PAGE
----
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OFT investigates UK drug distribution

The OFT has launched a market study today into the distribution of medicines in the UK following Pfizerís exclusive deal with Unichem at the beginning of March 2007

The Office of Fair Trading (OFT) has launched a market study today into the distribution of medicines in the UK following Pfizerís exclusive deal with Unichem at the beginning of March 2007.

The OFT is carrying out the study to determine how recent and proposed changes to drug distribution affect competition, the NHS and patients. The final report is due by the end of 2007.

"This is an important market study in one of the OFT's priority sectors. Recent changes in the distribution arrangements for some medicines have caused great concern to many in the market. It is important for us to understand the likely impact of these changes on patients and costs to the NHS," said Ann Pope, OFT Director in Markets and Projects. The NHS currently spends over GBP 10bn (EUR 14.8bn) a year, with Pfizer its single largest supplier.

The market study will consider all competition issues in the market and will focus on Pfizerís new distribution arrangements as well as other companiesí proposed changes.

"Pfizer is pleased to note that the OFT has not launched a formal investigation into Pfizer's medicine supply and distribution arrangement at this time and we will continue to sell our medicines directly to pharmacy customers using UniChem as our logistics service provider," said a Pfizer spokesperson.

The OFT intends to examine the following:

  • Motivation for the direct to pharmacy model and its impact on competition and choice in wholesaling
  • Motivation for exclusive arrangements and their long term impact on competition
  • Incentives created by sector specific regulations
  • Potential impact of the different distribution models on the following: the appropriation of the discounts secured by pharmacies and the NHS; and service levels provided to patients

"We will consider how the changes in this market are influenced by sector specific regulations, parallel trade and counterfeit products," said the OFT.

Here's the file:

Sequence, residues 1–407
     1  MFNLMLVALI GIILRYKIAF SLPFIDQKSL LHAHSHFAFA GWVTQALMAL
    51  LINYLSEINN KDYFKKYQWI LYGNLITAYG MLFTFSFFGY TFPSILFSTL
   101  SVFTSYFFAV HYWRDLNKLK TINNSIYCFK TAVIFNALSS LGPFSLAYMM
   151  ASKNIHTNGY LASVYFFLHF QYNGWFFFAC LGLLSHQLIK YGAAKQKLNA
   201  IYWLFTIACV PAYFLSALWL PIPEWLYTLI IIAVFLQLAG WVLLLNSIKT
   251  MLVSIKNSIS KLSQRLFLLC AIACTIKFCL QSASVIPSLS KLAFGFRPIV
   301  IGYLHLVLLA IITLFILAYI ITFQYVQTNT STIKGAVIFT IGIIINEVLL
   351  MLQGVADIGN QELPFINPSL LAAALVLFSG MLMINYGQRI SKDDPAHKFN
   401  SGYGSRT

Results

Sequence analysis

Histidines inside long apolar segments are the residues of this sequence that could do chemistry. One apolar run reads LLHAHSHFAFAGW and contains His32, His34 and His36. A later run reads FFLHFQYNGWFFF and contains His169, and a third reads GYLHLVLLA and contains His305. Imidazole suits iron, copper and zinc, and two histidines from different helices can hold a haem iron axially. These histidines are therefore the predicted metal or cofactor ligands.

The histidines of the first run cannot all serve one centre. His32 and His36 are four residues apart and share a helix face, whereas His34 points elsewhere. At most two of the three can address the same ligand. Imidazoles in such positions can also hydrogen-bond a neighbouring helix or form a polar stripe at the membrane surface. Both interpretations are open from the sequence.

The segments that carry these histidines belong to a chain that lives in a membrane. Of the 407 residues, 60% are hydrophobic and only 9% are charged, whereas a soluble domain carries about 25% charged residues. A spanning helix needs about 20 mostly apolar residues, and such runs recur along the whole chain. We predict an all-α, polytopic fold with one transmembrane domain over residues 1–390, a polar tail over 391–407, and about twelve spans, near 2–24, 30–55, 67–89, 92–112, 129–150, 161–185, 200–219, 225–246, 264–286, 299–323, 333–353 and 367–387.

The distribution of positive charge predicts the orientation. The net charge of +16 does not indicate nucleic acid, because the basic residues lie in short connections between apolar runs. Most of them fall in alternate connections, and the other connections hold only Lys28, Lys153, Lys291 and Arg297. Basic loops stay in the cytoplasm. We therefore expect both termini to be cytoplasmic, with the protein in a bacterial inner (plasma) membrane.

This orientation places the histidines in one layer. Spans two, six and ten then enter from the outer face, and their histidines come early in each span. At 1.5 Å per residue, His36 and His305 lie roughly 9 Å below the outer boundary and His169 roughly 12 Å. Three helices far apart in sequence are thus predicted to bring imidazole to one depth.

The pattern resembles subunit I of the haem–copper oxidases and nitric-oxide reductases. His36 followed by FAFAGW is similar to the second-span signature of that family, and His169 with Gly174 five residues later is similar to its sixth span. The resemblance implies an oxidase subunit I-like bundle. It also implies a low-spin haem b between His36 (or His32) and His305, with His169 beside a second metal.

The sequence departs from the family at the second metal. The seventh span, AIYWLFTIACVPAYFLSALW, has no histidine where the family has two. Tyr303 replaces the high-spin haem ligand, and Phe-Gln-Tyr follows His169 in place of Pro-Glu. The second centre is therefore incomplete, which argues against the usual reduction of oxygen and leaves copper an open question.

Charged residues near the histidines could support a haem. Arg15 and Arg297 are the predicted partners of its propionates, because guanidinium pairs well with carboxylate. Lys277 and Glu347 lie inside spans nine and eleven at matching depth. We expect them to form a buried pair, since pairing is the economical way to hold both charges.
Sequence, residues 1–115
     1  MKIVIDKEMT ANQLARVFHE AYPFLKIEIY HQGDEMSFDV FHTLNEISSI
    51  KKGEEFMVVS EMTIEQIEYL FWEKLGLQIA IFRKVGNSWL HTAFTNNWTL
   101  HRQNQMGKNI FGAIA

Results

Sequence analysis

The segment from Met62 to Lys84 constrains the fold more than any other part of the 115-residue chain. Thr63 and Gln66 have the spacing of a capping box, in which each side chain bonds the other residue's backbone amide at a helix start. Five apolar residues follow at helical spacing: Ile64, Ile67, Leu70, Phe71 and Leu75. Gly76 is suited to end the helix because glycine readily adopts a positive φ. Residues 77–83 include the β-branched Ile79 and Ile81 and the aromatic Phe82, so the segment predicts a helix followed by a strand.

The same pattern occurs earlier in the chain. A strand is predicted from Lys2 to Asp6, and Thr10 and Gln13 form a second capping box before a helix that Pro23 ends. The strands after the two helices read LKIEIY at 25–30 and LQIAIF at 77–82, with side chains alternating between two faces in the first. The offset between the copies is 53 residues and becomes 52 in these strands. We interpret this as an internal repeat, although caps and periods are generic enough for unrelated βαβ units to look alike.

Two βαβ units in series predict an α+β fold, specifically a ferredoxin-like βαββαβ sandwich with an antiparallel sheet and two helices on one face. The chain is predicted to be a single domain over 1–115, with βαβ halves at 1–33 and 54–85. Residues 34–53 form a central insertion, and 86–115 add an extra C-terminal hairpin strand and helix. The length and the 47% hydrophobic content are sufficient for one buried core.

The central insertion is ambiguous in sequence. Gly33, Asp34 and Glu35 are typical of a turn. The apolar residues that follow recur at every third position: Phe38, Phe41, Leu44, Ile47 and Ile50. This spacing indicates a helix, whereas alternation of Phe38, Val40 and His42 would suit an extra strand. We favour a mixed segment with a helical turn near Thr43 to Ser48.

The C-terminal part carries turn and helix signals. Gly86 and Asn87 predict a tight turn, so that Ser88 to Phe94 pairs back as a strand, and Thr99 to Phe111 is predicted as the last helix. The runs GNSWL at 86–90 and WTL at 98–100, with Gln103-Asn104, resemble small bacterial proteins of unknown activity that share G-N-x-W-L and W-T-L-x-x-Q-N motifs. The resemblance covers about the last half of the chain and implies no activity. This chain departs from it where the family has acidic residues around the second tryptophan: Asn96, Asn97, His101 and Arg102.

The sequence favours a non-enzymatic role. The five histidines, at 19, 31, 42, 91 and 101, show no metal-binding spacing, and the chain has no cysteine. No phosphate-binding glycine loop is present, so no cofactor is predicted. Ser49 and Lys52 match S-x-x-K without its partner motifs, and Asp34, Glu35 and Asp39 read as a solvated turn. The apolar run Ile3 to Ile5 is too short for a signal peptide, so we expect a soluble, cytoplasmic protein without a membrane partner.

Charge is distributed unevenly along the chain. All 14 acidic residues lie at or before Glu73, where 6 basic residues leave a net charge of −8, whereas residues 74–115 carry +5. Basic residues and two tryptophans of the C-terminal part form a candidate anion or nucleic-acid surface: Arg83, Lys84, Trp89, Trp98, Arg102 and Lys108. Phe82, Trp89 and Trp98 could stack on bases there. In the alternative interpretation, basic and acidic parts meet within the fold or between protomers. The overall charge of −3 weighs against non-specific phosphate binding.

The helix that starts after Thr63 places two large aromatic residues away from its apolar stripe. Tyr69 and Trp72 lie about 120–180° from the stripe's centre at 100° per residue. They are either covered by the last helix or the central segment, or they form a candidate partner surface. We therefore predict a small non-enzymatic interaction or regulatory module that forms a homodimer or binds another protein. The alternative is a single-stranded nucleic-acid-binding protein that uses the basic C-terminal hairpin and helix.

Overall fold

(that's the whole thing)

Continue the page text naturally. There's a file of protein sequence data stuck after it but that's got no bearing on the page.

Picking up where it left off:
The OFT said it had received complaints regarding supply changes from pharmacists, dispensing doctors and competing wholesalers. When Pfizer announced its deal with Unichem, wholesalers and doctors took Pfizer to the UK High Court, in a bid to thwart the deal, but were unsuccessful.

Pfizer changed its distribution model to halt counterfeits and secure its supply chain and is so far pleased with the success of the system. A Pfizer spokesperson said: "Three weeks into the new model, over 97 per cent of pharmacy customers have opened a trading account with Pfizer and over 85 per cent of these customers have placed orders and received deliveries of our prescription medicines. Pharmacy customers are receiving a very high level of service trading directly with us, with over 99 per cent of deliveries being made on time and in full."

Novartis is also considering changes to its supply chain and says it should reach a decision by the summer whether it should change its current supply chain arrangements in the UK to a direct-to-pharmacy model.

The company has sent out letters to several wholesalers and logistics companies, saying it is considering a direct-to-pharmacy arrangement, using the wholesalers only as a logistics provider and paying them a fee for their services. This would mean Novartis would deal directly with pharmacies, hospitals and doctors.

"We are considering a new system as the role of the pharmacist is increasing in healthcare because of the Governmentís pharmacy plans ñ we want to get closer to that customer group," a Novartis spokesperson told Pharmaceutical Marketing.

No decisions have been made, however, and Novartis plans to consult with a wide range of stakeholders, including community pharmacists, before deciding whether to change to a new system.

4th April 2007


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